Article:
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China’s central bank steps in to prevent ‘credit squeeze’



China’s central banked has pumped $5bn (£3.1bn) into the country’s banking system after interest rates rose by around 2%.

The People’s Bank of China made the move after the interest rate of a seven day bond repurchase rose to 8.93%, though this later fell back to 6.56% after the bank’s intervention.

The rise is thought to be a result of excessive lending between banks, which has been a particular challenge for Chinese authorities and has led to a shortage of cash.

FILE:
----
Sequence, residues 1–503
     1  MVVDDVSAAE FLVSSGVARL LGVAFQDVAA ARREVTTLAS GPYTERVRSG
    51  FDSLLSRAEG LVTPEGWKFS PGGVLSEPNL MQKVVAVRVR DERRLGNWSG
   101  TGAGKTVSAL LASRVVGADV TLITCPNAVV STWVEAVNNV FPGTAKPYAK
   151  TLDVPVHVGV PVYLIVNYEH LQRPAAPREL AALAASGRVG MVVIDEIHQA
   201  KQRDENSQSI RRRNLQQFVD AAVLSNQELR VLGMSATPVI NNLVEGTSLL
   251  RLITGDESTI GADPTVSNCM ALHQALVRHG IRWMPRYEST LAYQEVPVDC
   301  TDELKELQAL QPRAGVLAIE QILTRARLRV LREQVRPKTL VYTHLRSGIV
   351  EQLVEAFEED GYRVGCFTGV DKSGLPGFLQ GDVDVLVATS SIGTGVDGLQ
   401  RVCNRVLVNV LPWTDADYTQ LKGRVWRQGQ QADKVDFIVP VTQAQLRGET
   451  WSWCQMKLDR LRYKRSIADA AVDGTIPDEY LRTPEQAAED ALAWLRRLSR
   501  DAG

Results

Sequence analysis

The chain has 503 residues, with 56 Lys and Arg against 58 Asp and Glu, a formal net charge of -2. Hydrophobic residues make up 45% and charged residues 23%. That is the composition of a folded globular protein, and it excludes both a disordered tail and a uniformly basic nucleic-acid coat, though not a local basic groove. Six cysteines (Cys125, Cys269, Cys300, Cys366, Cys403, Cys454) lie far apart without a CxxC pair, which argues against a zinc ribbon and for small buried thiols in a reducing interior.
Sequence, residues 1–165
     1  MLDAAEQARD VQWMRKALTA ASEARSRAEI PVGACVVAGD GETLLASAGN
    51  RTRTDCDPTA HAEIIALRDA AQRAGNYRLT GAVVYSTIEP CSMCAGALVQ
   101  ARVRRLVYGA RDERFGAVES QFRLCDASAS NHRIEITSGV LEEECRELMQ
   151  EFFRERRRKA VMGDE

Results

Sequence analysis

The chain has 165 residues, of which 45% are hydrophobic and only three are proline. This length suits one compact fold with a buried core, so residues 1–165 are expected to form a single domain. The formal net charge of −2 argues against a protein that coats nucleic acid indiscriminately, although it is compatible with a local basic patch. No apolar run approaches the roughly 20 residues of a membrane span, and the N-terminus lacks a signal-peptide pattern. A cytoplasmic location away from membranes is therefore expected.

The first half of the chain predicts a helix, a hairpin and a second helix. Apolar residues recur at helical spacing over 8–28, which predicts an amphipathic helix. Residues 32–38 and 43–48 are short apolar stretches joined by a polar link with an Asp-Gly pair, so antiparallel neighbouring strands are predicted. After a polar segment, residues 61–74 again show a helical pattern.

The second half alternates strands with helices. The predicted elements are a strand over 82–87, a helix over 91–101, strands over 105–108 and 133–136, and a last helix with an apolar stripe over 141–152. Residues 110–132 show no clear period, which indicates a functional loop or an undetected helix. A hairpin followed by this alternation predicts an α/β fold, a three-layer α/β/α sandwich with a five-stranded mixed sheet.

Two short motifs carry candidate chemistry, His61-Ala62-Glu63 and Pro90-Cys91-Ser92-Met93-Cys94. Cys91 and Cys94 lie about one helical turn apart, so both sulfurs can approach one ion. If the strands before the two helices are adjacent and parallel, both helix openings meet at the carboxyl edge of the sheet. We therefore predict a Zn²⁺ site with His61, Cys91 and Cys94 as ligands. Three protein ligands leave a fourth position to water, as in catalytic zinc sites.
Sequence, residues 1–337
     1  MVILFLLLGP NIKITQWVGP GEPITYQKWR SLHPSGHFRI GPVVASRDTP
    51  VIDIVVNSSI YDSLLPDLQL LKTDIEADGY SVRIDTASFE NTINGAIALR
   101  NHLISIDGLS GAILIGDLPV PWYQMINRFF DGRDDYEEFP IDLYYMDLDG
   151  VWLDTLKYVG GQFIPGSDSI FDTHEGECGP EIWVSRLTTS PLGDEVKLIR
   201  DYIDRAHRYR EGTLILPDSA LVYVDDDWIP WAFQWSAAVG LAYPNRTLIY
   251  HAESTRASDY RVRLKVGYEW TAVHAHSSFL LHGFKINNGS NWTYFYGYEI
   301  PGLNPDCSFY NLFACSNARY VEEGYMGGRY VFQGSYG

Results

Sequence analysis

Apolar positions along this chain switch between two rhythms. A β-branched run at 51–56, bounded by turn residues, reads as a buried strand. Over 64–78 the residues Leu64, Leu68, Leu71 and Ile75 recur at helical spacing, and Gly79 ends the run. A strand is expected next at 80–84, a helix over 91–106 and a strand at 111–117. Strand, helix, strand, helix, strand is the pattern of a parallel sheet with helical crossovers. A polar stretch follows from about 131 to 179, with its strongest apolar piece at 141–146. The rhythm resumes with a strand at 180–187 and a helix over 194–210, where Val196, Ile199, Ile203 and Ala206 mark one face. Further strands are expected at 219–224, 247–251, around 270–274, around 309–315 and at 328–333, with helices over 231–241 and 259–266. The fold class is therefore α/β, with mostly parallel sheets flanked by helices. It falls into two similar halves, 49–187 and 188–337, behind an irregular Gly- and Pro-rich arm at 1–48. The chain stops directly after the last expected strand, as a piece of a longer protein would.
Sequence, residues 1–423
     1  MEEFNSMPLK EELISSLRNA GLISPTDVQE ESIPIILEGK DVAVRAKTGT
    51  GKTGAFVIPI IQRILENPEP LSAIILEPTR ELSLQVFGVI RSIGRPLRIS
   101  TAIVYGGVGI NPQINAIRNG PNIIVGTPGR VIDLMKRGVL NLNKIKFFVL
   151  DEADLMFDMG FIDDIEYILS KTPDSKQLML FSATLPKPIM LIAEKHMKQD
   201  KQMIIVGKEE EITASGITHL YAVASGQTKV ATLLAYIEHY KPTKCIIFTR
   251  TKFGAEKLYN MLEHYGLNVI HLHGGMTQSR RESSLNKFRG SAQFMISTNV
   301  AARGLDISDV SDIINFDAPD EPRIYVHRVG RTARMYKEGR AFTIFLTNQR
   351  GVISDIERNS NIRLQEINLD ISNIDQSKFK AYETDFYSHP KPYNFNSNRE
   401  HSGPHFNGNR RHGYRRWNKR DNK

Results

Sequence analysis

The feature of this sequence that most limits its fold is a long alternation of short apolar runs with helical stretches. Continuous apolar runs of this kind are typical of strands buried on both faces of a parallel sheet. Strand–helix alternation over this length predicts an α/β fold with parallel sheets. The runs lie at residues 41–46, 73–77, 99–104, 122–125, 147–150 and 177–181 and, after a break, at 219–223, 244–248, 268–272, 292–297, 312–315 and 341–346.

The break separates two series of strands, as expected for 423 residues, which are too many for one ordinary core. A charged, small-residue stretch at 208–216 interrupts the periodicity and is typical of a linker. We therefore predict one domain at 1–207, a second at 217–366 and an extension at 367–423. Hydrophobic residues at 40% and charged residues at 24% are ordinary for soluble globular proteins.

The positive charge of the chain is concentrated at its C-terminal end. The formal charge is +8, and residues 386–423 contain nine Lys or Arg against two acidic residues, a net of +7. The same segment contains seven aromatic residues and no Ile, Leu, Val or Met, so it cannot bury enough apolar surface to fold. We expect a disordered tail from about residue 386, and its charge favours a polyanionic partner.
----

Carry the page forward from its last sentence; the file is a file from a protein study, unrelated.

Last week, Beijing announced a $50bn (£31bn) injection in liquidity to curb fears of a credit squeeze, similar to that experienced by western banks in 2008.

According to financial analysts and experts, the issue may also be caused by banks ‘window dressing’, a process by which they conserve cash at the end of the year to maintain good health on their balance sheets.

Lorraine Tan, director of equity research at S&P Capital IQ, told CNCBC that the People’s Bank of China’s move was welcome, but argued that more should be done.

“I think it’s just a momentary thing […] it’s a seasonal issue, a rush for cash. Definitely the People’s Bank of China needs to pump in more money, which it has been doing, but a little bit more is probably necessary.”

The majority of western states are dependent on China, which has the world’s largest economy, as a main purchaser of exports, as well as many Asian economies.

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